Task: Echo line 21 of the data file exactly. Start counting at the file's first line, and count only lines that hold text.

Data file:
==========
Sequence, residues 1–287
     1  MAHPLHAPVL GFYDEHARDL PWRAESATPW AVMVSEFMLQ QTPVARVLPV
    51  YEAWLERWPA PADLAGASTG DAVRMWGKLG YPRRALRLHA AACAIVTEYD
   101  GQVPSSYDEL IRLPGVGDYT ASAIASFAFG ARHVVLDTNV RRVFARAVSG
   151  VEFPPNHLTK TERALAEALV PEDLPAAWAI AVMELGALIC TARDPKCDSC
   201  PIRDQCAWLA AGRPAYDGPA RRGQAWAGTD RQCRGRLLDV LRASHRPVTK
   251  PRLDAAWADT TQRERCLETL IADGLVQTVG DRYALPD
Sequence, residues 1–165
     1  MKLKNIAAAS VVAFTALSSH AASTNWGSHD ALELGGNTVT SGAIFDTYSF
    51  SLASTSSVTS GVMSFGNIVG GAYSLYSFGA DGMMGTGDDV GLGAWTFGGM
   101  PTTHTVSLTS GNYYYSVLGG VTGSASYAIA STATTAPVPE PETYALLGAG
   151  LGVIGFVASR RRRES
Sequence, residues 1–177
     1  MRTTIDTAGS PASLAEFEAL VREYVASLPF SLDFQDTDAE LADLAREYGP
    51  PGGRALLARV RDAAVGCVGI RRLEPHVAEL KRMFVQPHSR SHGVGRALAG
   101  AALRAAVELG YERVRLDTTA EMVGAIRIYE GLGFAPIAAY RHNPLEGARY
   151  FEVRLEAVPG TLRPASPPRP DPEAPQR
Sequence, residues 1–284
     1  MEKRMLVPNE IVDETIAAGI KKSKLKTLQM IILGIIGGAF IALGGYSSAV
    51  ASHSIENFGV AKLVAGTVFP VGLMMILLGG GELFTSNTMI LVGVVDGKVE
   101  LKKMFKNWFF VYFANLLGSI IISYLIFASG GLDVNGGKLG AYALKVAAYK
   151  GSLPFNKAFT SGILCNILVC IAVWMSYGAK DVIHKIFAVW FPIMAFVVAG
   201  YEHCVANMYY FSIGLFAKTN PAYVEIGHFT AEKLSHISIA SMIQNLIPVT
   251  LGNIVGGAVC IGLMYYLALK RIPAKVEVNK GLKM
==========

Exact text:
   101  LKKMFKNWFF VYFANLLGSI IISYLIFASG GLDVNGGKLG AYALKVAAYK